What Is So Special About Finland?

Students in science need to be trained not only in properly collecting data but as important, in correctly analyzing and drawing conclusions. Oftentimes, sweeping generalizations can be made haphazardly without examining closely the data and acknowledging complexities that may be present. This is especially a concern when it comes to basic education. There are a myriad of factors that influence learning outcomes. In this arena, it is very important to pay attention to details to avoid making exaggerated, oversimplified and misleading conclusions. One instance to which our attention is drawn is the average score of students in international standardized exams. A collaborative effort between Stanford's Graduate School of Education and the Economic Policy Institute recently produced an analysis, "What do international tests really show about US student performance?". The work demonstrates the danger of drawing conclusions simply from the average scores of students in international exams and using these conclusions as guides for education reform and policies. Most of their analysis illustrate that it is important to decompose the scores according to social class to see important findings that are hidden behind an aggregate or average number. By considering social classes and how these are represented in the sample student population that actually participated in the exam, it is estimated that the United States would have placed fourth in reading and tenth in math, to be compared with 14th and 25th standings, respectively, if only the raw average scores for each country are used. This adjustment comes from the oversampling of economically disadvantaged students in the United States. The international standards exams (TIMSS and PISA) include not only the scores of the students but also surveys. Results can therefore be disaggregated according to various factors that have been included in the survey. Examples are educational attainment of parents, hours of study, and others. Thus, with additional effort, scores of students in these exams can be examined under these various factors. Poverty is one factor that is arguably significant in learning outcomes. In the United States, poverty in schools can be correlated with the number of students eligible for free or reduced-price lunch. This system has a well-defined income level. Unfortunately, such is unique in the United States. Hence, one must choose a different measure to decompose the students' scores according to social class. One measure that Martin Carnoy and Richard Rothstein, the authors of the study, chose is the number of books in the household of each student. This is not a fool-proof ruler, but the number of books that can found inside a home strongly correlates with social class. It is one measure that is present in both TIMSS and PISA. Students can therefore be subdivided into various social classes according to this quantity:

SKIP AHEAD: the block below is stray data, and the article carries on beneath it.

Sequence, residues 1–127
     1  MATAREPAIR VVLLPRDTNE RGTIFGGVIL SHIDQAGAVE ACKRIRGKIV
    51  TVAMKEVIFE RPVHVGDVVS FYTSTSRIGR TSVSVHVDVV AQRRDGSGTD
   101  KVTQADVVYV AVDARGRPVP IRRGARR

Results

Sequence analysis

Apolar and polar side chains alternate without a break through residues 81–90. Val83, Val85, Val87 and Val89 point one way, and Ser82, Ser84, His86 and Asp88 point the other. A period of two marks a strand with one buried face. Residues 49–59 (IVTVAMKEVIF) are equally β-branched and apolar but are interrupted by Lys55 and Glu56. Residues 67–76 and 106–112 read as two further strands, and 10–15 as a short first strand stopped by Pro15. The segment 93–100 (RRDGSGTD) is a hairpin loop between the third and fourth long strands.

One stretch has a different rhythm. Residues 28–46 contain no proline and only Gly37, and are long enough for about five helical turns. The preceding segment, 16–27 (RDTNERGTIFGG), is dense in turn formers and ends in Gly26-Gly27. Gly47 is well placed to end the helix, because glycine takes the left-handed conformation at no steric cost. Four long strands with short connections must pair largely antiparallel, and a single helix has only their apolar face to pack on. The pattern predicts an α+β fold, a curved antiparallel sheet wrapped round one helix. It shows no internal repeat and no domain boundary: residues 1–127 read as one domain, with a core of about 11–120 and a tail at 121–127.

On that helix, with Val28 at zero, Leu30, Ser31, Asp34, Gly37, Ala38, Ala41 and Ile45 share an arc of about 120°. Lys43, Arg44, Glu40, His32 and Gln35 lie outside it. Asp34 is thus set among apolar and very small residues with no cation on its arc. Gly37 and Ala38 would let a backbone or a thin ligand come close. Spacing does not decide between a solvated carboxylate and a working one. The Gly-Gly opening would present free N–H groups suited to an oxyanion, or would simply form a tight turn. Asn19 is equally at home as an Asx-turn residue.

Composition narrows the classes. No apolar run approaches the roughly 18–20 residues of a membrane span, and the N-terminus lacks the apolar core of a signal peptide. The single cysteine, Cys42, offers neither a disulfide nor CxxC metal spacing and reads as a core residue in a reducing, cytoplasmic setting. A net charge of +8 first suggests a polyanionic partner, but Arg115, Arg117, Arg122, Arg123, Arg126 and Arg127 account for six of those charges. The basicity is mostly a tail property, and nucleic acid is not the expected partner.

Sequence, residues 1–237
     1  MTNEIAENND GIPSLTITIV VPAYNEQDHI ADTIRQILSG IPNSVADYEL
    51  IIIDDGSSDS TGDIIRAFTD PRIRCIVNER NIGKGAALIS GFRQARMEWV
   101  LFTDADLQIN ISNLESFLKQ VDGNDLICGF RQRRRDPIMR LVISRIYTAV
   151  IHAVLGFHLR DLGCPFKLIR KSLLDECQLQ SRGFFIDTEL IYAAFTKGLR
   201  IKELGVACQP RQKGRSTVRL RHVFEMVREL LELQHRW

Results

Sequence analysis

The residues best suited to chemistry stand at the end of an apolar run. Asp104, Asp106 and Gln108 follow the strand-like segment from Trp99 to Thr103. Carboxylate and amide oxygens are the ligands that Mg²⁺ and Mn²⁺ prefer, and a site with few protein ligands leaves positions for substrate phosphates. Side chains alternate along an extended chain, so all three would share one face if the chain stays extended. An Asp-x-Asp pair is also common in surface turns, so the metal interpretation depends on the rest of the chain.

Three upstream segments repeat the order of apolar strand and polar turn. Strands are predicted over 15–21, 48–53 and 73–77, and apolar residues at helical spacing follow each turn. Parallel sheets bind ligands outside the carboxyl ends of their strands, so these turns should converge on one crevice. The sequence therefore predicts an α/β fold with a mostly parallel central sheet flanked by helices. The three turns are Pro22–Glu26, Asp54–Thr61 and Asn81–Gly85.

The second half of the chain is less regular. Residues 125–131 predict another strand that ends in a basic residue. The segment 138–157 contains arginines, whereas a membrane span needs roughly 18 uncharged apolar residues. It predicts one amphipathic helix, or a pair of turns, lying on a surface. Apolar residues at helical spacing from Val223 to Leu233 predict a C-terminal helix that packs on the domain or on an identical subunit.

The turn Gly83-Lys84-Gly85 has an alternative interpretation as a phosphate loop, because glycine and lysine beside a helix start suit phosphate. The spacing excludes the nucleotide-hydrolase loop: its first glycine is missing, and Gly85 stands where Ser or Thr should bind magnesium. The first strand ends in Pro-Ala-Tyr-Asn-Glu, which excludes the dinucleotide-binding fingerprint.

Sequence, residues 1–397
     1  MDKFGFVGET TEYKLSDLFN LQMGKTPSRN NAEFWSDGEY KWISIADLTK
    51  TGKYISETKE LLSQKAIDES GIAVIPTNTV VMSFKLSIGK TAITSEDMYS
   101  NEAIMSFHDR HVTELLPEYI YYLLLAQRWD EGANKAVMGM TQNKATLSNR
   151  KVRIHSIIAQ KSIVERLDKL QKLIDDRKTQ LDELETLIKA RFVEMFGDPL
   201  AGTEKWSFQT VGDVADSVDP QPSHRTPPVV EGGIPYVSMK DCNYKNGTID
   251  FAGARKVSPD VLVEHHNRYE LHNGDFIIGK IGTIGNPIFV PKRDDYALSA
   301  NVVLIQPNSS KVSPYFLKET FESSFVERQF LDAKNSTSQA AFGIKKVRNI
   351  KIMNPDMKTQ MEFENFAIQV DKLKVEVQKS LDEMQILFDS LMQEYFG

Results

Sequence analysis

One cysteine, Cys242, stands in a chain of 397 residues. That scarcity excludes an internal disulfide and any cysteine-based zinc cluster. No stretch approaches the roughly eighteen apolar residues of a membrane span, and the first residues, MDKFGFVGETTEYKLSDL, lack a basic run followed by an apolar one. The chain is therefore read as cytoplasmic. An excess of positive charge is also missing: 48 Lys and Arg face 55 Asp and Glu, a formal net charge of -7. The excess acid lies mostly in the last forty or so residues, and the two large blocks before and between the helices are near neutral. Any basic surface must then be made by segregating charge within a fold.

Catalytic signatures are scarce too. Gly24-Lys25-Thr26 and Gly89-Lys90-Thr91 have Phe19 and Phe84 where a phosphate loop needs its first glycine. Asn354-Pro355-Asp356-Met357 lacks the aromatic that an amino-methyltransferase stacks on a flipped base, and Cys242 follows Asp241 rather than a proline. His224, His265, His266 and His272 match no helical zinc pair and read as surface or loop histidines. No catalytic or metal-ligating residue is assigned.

The above table was downloaded from http://www.epi.org/publication/us-student-performance-testing/
With the above classification scheme, one can then view the scores of the students according to social class.

With the above segregation of scores, one can now compare the performance of students within the same group (social class according to number of books at home). One can look at the gap and it is quite obvious that the difference in scores between the lowest and highest social class group is highest in the United States. By the time one reaches Group 6, the highest social class, the difference between scores of the US students as compared to the top performing countries has diminished.  What is so special about Finland? In Group 1, the group with the lowest number of books in home, the lowest social class, Finland's students are on top in both reading and math. This is what "focusing on equity and not excellence" really means in Finland.


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